Starting up a PeerTube, with hesitation
A month ago I made a couple of short videos about packet radio that I wanted to upload. While I don’t mind putting stuff on YouTube, I’d heard some good things about PeerTube. I decided to set up my own server and make my modest contribution of content to the fediverse too.
Since I was setting up a new server I figured others should be able to use it too, and next minute scitech.video was up and running. Since then a couple of people have signed up and uploaded videos of their own. Things are basically going to plan.
While all this was fairly easy, I’m a bit anxious about hosting federated services, PeerTube in particular. If you spend any time browsing the typical PeerTube instances you quickly realise it’s the wild west. There’s a lot of material that infringes copyright, a lot of pornography, possibly both at the same time. Fortunately the porn seems to be tagged NSFW, which means it’s behind a filter, but if you wanted to sell somebody on PeerTube as a “YouTube alternative” then they’re going to be pretty surprised (for better or worse).
Adding to the mess is that many of the major servers all try to follow each other, even automatically (scitech.video is currently followed by 31 other servers without any effort on my part). On the one hand this is cool—we have a big shared corpus of material, accessible via a whole bunch of servers, without any risk-averse corporations stamping their boots on our idealism or kinky stuff or whatever it is that’s against YouTube’s rules… on the other hand, this is so incredibly ripe for abuse. If a terrorist organisation uploaded recruiting videos to a few servers where admins were asleep at the wheel, those videos would probably be available via hundreds of servers for weeks. Yay freedom; but this is not a family-friendly situation.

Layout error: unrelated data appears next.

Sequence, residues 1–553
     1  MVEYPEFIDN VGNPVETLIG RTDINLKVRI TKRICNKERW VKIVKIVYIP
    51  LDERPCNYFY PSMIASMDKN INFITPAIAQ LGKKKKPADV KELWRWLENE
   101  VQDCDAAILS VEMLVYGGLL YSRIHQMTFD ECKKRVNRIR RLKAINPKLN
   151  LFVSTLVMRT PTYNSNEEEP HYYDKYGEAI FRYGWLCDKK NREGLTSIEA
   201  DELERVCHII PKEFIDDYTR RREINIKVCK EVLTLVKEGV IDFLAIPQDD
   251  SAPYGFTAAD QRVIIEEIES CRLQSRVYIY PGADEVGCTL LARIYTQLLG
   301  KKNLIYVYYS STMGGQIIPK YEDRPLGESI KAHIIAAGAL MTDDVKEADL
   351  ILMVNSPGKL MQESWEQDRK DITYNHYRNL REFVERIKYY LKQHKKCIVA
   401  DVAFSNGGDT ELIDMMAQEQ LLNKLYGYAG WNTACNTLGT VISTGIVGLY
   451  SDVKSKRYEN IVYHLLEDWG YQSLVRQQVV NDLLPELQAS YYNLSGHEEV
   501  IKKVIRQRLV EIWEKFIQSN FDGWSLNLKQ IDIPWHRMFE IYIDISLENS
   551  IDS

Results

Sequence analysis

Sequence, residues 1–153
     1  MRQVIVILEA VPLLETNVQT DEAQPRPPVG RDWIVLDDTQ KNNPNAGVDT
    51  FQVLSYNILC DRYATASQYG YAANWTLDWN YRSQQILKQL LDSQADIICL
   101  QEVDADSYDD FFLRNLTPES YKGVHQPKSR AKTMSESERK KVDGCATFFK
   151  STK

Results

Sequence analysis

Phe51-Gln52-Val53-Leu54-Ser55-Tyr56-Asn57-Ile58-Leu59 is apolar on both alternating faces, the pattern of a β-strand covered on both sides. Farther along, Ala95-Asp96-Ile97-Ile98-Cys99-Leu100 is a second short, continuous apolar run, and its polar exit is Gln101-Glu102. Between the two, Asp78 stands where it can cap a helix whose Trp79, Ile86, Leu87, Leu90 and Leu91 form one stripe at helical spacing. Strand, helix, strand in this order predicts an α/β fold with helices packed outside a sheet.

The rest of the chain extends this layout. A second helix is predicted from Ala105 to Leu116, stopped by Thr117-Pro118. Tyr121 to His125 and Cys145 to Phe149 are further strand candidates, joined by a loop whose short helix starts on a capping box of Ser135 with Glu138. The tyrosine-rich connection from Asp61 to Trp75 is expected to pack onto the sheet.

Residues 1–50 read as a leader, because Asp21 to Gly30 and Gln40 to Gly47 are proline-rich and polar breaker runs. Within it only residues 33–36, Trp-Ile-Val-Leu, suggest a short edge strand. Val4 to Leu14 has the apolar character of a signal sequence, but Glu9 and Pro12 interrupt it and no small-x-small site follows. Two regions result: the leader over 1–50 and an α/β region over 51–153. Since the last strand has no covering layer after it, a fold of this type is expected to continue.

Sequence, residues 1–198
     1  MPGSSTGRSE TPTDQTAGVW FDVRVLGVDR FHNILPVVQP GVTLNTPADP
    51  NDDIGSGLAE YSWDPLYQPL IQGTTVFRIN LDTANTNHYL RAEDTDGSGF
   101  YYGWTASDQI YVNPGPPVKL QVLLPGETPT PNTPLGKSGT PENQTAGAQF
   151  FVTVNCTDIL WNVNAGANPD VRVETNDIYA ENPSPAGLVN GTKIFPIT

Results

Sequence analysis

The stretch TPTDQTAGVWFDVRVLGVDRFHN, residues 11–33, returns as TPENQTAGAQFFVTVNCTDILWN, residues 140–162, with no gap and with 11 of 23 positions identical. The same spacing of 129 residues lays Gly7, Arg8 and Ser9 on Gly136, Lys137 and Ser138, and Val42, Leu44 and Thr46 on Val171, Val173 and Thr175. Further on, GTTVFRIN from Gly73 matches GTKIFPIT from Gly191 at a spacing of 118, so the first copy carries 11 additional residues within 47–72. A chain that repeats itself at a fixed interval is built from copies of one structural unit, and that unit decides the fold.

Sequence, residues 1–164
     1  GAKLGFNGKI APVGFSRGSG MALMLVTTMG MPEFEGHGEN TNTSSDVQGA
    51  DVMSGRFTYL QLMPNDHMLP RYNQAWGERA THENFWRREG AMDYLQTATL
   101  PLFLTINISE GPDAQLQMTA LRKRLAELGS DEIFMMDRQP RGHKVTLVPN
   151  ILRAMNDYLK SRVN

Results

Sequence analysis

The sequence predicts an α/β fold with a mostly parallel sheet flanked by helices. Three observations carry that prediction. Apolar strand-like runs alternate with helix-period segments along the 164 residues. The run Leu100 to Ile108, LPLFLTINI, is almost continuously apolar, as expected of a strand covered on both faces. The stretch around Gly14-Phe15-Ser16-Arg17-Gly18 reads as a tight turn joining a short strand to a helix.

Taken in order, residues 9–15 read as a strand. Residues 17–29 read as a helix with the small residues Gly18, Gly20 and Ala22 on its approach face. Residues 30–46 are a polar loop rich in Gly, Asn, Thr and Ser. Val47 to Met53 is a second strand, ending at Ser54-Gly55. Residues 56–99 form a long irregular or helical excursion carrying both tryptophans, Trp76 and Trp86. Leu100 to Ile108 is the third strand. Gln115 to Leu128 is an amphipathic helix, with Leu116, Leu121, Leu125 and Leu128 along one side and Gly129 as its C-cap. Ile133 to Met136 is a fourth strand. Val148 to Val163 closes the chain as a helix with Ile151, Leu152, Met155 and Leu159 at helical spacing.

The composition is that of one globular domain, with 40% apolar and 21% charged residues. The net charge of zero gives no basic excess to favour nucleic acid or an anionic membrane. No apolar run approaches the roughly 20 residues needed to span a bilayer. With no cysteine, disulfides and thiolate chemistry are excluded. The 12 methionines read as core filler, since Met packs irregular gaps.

I’m really not sure what the future has in store for PeerTube. At the same time, I don’t want to sit in my armchair and whinge about a project that’s at least having a go. So I am hosting a server—but I’m doing things a bit differently.
Under my rules, scitech.video channels must be suitable for all ages and related to the “technology” theme. In general I do not follow other servers unless they have the kind of material that I would allow to be uploaded anyway. I have searching remote servers disabled so if you are on the scitech.video domain you can’t view or subscribe to remote channels—you’re locked in to the local and followed videos, which I am able to moderate personally.
This provides two benefits. Firstly, I can mostly avoid becoming responsible for hosting questionable content. Secondly, I offer a PeerTube server that is hopefully “safe” for all ages, most of the time. I think it will be important for the PeerTube ecosystem to have servers you can show to your family without surprising videos coming up. My intention is that scitech.video will be one of those.
And what of my other anxieties? Things like Matrix or Mastodon have a much higher number of messages flying around, many of which are private, and honestly I don’t want to be responsible for dealing with abuse complaints in my free time. Videos come in smaller quantities, are always public, and are easier to keep an eye on. Since the Australian government recently passed the Assistance and Access “anti-encryption” bill, I don’t want to be holding other people’s private messages if law enforcement comes knocking. Host that stuff in some other country.
If you are a PeerTube enthusiast you would do well to think about who your target audience is and how they’re going to receive it. Some users want to see the things they can’t see on YouTube. Many others are pretty okay with YouTube’s rules. They will need to be catered for differently.